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Gingival Grafting


A tooth is surrounded by two types of tissue. The first is gingiva (gum), which is pink, thick and dense. It is also called keratinized tissue. Gingiva forms a tight seal around the tooth which serves as a barrier against the penetration of bacteria to the underlying bone. The gingiva also helps to withstand trauma from brushing, eating, etc. The other type of tissue, mucosa, found directly below the gingiva, is red, thin and loose or elastic. It does not seal tightly around the tooth, nor does it withstand trauma well (as shown by how easily you can "scratch" the floor of the mouth).

When gum recession occurs, the body loses a natural defense against both bacterial penetration and trauma. When there is only minor recession, some healthy gingiva often remains and protects the tooth, so that no treatment other than gentle oral hygiene is necessary. Recession can be caused by genetically thin bone and gum, overscrubbing or toothbrush bristles that are too stiff, or by clenching and grinding habits.

Before Gingival GraftBefore Gingival Graft
After Gingival Graft
After Gingival Graft


When recession reaches the mucosa, the first line of defense against bacterial penetration is lost. No matter how meticulously the patient tries to control the bacteria, there is a greater chance of it penetrating and affecting the underlying supporting bone. In addition, gum recession may result in root sensitivity as well as an unsightly appearance to the gum and tooth.

Some people genetically have extremely thin gingiva and require grafting to prevent recession before it starts. This is quite common when orthodontic tooth movement is planned.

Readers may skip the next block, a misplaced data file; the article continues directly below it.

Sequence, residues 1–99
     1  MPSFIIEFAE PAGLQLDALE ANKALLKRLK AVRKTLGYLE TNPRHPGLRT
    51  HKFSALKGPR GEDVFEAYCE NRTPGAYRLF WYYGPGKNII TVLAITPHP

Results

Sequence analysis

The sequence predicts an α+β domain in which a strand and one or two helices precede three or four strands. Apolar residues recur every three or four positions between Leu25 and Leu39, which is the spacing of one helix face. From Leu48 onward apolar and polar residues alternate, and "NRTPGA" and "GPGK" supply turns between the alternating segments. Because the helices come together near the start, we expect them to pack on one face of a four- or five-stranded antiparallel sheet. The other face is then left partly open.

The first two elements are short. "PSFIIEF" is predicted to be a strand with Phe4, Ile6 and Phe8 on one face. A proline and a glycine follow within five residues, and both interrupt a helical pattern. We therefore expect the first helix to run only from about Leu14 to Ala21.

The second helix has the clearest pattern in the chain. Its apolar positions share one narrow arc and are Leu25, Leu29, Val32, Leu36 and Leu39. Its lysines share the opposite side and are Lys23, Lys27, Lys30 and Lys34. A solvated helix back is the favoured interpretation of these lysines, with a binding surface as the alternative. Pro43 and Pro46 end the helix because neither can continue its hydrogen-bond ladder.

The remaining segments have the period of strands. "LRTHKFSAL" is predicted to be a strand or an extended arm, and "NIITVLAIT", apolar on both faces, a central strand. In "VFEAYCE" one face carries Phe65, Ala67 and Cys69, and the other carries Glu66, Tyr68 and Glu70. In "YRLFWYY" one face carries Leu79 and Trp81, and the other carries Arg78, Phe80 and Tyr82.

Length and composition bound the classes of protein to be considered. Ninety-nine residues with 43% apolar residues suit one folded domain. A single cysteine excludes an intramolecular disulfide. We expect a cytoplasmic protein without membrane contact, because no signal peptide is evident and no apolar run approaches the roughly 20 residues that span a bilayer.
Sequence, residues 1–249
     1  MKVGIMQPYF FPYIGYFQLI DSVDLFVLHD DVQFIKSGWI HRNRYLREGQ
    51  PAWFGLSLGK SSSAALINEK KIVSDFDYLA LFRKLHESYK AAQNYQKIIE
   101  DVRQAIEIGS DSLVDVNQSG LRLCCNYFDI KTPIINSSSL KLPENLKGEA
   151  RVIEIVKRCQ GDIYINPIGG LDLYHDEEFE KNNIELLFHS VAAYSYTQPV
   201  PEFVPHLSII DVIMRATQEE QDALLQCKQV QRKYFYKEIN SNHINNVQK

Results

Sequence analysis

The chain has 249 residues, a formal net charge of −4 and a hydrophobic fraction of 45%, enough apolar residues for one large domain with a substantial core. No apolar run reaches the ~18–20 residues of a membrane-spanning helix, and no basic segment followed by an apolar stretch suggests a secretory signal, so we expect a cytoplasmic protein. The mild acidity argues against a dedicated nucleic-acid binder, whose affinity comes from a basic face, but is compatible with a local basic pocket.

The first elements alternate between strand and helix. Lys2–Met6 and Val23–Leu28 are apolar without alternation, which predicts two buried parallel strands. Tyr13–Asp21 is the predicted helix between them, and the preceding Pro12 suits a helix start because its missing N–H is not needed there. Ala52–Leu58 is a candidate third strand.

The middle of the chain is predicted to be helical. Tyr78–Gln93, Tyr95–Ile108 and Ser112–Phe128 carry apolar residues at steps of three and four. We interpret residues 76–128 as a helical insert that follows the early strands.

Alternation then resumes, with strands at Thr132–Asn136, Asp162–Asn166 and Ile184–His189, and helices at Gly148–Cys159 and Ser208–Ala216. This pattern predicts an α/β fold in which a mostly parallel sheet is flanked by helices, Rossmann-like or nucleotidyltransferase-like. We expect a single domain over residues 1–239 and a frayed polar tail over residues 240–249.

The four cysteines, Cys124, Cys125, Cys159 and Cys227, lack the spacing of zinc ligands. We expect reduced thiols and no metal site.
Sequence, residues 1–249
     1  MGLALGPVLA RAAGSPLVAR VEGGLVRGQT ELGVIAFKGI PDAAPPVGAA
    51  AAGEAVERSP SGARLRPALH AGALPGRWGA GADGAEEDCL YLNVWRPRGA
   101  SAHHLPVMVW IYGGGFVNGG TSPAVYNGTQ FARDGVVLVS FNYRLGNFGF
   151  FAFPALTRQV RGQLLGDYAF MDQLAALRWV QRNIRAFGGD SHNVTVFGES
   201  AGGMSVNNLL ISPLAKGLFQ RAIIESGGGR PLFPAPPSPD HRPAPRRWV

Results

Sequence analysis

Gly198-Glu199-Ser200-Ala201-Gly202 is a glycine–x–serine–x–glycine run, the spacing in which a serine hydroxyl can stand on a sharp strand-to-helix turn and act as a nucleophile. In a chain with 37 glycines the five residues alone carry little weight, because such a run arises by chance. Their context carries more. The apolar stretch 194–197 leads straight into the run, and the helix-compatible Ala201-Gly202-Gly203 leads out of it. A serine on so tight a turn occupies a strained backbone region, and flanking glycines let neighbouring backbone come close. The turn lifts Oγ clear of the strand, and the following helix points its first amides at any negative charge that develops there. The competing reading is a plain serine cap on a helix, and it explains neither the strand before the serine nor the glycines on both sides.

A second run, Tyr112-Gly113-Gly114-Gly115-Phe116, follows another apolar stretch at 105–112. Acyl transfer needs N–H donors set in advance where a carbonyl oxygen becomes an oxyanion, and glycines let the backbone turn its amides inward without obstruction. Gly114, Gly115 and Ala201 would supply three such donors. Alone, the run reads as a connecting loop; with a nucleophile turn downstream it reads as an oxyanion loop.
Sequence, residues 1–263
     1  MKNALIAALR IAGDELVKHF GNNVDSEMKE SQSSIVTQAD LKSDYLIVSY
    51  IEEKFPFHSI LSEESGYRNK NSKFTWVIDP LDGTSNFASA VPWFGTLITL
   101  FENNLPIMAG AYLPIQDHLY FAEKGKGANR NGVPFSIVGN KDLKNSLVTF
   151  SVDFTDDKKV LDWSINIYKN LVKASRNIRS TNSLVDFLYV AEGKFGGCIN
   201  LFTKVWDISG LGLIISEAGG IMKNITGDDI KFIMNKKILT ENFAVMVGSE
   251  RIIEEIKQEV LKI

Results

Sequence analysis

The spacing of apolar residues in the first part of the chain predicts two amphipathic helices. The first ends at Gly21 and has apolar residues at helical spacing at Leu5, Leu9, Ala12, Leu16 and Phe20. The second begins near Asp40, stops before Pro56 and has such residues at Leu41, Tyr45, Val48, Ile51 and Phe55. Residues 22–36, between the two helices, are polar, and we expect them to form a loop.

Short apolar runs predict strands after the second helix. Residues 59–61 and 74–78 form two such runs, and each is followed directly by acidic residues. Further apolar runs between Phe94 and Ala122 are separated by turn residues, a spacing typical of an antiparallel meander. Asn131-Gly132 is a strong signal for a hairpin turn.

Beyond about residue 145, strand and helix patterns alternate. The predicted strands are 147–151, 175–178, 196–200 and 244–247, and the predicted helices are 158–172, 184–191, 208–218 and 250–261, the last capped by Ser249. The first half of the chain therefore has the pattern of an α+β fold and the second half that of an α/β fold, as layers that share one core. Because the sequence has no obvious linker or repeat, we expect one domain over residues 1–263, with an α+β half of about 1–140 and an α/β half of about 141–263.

A gingival graft is designed to solve these problems. A thin piece of tissue is taken from the roof of the mouth, or moved over from adjacent areas, to provide a stable band of dense gingiva around the tooth.

Long Teeth or Exposed Roots


Some people genetically have extremely thin gingiva and require grafting to prevent recession before it starts. This is quite common when orthodontic tooth movement is planned. When recession reaches the mucosa, the first line of defense against bacterial penetration is lost. No matter how meticulously the patient tries to control the bacteria, there is a greater chance of it penetrating and affecting the underlying supporting bone. In addition, gum recession may result in root sensitivity as well as an unsightly appearance to the gum and tooth.

Before Gingival GraftBefore Gingival Graft
After Gingival Graft
After Gingival Graft


A connective tissue graft is a technique used to help cover the exposed portion of the root. It offers more predictable root coverage and better color matching but is a more technically difficult procedure. It is the preferred technique for upper teeth and for severe recession.

Dr. Layport makes a stent, which looks like the older-style orthodontic retainer, to protect the roof of the mouth during healing, greatly reducing soreness and complications after surgery. There are also donor and engineered products that eliminates taking gum from the roof of the mouth.

The visit to perform a gingival graft is about 60 minutes long. The stitches are removed approximately one week later in a 5-10 minute visit. A 5 minute check-up verifies the final result 6 weeks later.

Gingival graft procedures are quite predictable. The color of the graft and the amount of root coverage is more variable.

Indentations in the gums and jawbone:


Sometimes when you lose one or more teeth, you can get an indentation in your gums and jawbone where the tooth used to be. Your periodontist can fill in this "defect" with a procedure called ridge augmentation. A new tooth can then be created that is natural looking, easy to clean and beautiful.



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